Tuesday, September 30, 2014
Whitesnake - Live In 1984 - Back To The Bone - For Sykes' Sakes, This Boot Fits....
This is the one we've been waiting for for 30 years - documentary evidence of just how good Whitesnake was when guitarist John Sykes led Coverdale's army in league with Cozy Powell, Neil Murray, and the late great Jon Lord. We'll bow our heads for the loss of Powell and Lord (as well as Mel Galley) from this world's ranks, as they were giants of our times. Now, on with the show.
This is an interesting package, and I wish I could say that the DVD looks and sounds fantastic, but to be honest, I've no idea. In a great gaff that owes either to the vagaries of modern business costs, or (and I'd love to think this isn't the case) incredibly shortsightedness on the part of the producers/distributors, the press has only been issued the audio for the bonus CD from this set. That being said, I'm sure it's grand, as David Coverdale has always put his absolute best face forward with his product, but as one writer who has been consistently supportive and prides himself on telling it like it is, I won't attempt to mask my disappointment (and a bit of snarky pissed offedness) at not being able to actually tell my readers what the main event holds.
Slide It In - this album is one of the pivotal moment in '80s hard rock, as David Coverdale molted a layer of classic snakeskin, and got himself a new sleeker, more metallic look and sound. This is one of the more misunderstood releases of the era, as the US version of the album is not just a remix, but rather there are actually content differences which include guitar parts added by new guy John Sykes (who had just left the employ of Phil Lynott and Thin Lizzy), new bass as played by the returning and always excellent Neil Murray, and additional keyboard ornamentation by one Bill Cuomo. The raw bluesy approach that gave birth to The 'Snake was being usurped by MTV's desire for glitz, and an audience that was ever into more modern guitar sounds. How you feel about this change is most likely dependent upon your age and your tastes, because both were equally fantastic. The comparison can be heard on the band's 25th Anniversary repackage that includes both versions (highly recommended).
Meanwhile, what we're really hear to discuss is the bonus CD - comprised of: nine tracks that comprise Snakeskin Boots - Best Of The Bootlegs, three audio tracks from Super Rock 84 in Tokyo, and a sixteen minute audio medley of Jon Lord's final performance with the band, recorded in Stockholm, Sweden on April 16, 1984. Mel Galley had just been sidelined by a broken arm, so we're left with Whitesnake featuring a single guitarist for the only time in their history, and this is where John Sykes light shined brightest. Lord is only on keyboards for the three song EP from Sweden - an offstage Richard Bailey plays on the remaining tracks, and of course, without Lord it's a very different, much more guitar-centric band. And a brilliant one at that.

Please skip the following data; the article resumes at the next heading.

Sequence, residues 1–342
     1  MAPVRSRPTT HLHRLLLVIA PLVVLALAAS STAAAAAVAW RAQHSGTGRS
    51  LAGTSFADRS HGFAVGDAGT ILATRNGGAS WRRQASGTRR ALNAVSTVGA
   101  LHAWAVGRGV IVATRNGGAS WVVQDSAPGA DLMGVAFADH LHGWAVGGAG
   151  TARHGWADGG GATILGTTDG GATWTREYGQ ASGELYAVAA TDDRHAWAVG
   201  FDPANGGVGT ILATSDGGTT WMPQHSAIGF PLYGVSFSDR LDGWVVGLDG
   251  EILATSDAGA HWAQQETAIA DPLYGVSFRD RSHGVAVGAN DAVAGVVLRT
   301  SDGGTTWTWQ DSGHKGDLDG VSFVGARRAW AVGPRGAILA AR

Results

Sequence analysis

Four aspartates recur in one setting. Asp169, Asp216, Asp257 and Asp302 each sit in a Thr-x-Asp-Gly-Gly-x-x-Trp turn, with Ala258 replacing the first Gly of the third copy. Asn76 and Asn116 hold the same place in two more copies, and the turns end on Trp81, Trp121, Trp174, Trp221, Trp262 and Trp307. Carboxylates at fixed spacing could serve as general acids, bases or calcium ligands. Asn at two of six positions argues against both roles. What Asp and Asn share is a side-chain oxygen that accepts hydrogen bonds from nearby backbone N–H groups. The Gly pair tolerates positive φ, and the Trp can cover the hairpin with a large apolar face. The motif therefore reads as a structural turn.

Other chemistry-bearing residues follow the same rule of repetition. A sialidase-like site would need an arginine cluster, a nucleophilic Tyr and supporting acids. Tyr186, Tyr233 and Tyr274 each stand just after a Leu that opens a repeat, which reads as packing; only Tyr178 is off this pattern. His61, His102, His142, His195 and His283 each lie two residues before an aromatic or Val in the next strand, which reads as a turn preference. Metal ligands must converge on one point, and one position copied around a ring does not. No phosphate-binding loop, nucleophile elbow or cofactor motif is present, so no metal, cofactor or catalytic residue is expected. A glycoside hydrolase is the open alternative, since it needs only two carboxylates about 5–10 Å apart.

History lesson aside, this is the best chance we'll ever have to hear one of hard rock's greatest tag teams working in a live configuration, and Coverdale and Sykes might be the genre's greatest case of 'what if?' They weren't together nearly as long as the world would have liked, and from listening to these tracks it's sure not hard to hear why.
I'm reviewing this slightly out of sequence, electing to look at things chronologically. That places Lord's final performance first instead of last, and it's understandable that the keyboards play a much larger role with Jon's synth parts sitting alongside Sykes guitars. Don't be misled by Coverdale's ripping, "Good evening, Las Vegas," he's only being cheeky. Gambler is the first track, and the first things you notice are the much more galloping metal approach by Sykes, who also ratchets up the solo with his distinctively charged, high octane lead lines that place the band more in line with a world that was favoring Eddie Van Halen, Ozzie's guitarists, Gary Moore, and Michael Schenker. The blues was taking a backseat to the speedier, higher gain take of rock. The other thing you may notice is that Neil Murray was a huge part of Whitesnakes signature sound - his playing is not just chock full of melodic treats, his sense of rhythm may trump the treats as you realize that his swagger matched that of his boss.
You can surely hear Thin Lizzy's influence on the band when the band rips into Guilty Of Love, so it sounds completely natural for Lord and Sykes to be playing the harmonized intro. This is pure metal of the day, and it was certainly state of the art - Cozy Powell sounds like he's having a great time, Murray is on fire, and while I haven't yet mentioned Coverdale's performance, I don't really feel the need. Suffice to say, in 1984, David Coverdale was the best hard rock vocalist in the universe, and even if you don't like the direction he's taking his band, you have to admit that it worked. And, if you're listening with an open mind and heart, you'll hear that he may have had the best band in the world that year.
John Sykes and David Coverdale were a musical match made in heaven. The blonde bombers were at the height of their glories while they rode together, and the ride ended all too soon. For all the wonderful axemen who've followed in his footsteps, no one ever took Whitesnake to a higher plain. Whatever differences caused their split is a damned shame for all who loved their glorious noise. Guilty Of Love is a great example, and as he later proved in Blue Murder, Sykes also had a fantastic voice, and when he and David sang together it was sublime. Sykes' solo is a barnburner, and this may have been the first display of Whitesnake as a huge arena rock monster.